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    Longer hiring times explained

    Job searchers wondering why they haven't heard from that hiring manager they interviewed with aren't alone.

    Job searchers wondering why they haven't heard from that hiring manager they interviewed with aren't alone. Companies are taking record time to hire. A recent Wall Street Journal report said that it takes an average of 25 working days before businesses are filling those vacant positions.

    No reason given
    Many theories abound as to why the delay but no concrete reason was given by the survey conductor. The numbers found in the Dice-DFH Vacancy Duration Measure showed the longest time between a job candidate's application and hiring in the 13 years the company has been conducting the surveys. 4.7 million more jobs were open at the end of June than at any time since February of 2001. Companies with 5,000 or more employees took a longer period of time to hire, said The Wall Street Journal story. Those businesses took upwards of 58.1 working days to fill a position. Steven Davis created the Dice-DFH Index, and he said the disparate time between interview and hire may reflect lack of employer confidence in the economy.

    "If employers were more confident, they'd bid up wages, and that hasn't happened," explained Davis.

    Perfect candidate syndrome causing delays?
    Peter Cappelli is a professor at Wharton College and has authored the Perfect Candidate Hypothesis where he alleged companies are too unwilling to invest in training new workers. Cappelli also suggested companies are being too choosy about who and what they are looking for in a candidate. Fewer workers at staffing agencies may also be a contributing factor in the delay. Mark Mehler is the co-owner of a staffing company.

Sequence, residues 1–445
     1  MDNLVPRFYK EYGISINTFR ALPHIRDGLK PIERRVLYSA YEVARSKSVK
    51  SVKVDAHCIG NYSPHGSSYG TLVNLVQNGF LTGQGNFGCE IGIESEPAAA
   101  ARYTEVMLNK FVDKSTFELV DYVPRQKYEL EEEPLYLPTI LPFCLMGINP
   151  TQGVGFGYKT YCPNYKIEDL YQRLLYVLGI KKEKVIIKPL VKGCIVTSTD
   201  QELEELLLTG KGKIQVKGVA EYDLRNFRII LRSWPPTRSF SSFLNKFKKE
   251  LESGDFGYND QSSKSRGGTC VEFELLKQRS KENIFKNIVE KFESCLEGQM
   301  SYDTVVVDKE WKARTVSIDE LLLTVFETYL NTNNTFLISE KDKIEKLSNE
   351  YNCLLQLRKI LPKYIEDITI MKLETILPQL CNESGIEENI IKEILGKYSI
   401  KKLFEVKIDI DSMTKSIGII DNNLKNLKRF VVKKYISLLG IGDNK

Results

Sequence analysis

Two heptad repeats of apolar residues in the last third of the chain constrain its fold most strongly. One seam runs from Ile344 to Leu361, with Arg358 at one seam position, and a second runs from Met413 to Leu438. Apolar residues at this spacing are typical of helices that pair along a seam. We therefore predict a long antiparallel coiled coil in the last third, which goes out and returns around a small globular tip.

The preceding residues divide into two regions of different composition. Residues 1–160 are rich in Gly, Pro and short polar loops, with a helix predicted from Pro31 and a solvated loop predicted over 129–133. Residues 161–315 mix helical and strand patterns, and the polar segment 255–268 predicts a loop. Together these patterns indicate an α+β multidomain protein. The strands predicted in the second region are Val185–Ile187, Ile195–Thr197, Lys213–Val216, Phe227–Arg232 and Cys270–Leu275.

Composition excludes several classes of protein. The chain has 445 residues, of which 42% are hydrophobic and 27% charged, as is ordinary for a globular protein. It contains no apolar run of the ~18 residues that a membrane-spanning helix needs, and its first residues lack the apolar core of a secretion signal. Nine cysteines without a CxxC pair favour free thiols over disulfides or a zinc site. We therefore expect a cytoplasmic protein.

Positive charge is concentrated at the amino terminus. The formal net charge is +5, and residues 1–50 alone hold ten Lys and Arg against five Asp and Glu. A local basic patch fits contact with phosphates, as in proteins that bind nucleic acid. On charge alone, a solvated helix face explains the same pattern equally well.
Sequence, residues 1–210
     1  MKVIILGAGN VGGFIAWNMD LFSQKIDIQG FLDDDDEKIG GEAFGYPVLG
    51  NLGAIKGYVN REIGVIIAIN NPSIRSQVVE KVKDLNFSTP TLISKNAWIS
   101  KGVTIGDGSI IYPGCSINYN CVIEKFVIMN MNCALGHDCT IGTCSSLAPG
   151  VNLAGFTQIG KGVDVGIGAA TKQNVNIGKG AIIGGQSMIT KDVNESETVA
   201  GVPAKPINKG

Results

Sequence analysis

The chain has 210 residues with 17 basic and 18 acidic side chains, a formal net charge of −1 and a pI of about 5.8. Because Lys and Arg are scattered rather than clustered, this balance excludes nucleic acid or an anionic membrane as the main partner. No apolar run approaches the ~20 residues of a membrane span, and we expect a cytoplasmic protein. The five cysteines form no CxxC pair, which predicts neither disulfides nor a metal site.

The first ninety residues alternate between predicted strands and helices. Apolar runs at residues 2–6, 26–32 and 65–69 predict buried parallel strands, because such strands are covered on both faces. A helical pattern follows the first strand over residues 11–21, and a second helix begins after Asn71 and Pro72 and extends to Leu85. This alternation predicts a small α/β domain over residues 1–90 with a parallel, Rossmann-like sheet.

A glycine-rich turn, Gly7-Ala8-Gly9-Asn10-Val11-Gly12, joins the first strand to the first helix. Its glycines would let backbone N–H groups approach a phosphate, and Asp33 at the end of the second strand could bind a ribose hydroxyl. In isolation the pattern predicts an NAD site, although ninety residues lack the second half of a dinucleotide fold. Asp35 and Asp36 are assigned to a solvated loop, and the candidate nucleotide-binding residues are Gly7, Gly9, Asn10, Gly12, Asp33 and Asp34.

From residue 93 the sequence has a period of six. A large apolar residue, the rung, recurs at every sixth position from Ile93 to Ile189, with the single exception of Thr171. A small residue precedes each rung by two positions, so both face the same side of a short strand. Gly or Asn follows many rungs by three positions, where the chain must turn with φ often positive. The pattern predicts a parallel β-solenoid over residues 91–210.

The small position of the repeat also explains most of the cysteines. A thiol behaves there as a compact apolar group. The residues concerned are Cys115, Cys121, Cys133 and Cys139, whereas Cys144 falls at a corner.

"Depending on how many hiring managers [company recruiters are] dealing with, it's impossible" to fill jobs quickly," Mehler explained.

    Because of all the delays, IT workers are seeing almost 39 days between an interview and a hire. Government jobs wait 38 days to be filled while manufacturing takes just under a month, according to industry online magazine, Ere.

    Stu Crum of Bridgestone described that because candidates won't wait the lengthy period between contacts his company is working diligently to cut down on the process by mandating 10-14 days for hiring in-store staff and within 30 days for office and administrative workers.

    "Getting the right people into the company is the most important thing," he said, and the added rigor in hiring helps."When there's a larger pool out there you can make mistakes and there's another one standing in the queue," he added. Now, "when you hire someone you want to make sure they're the right one."

    Job searchers are advised to be patient and keep looking instead of waiting for companies to call.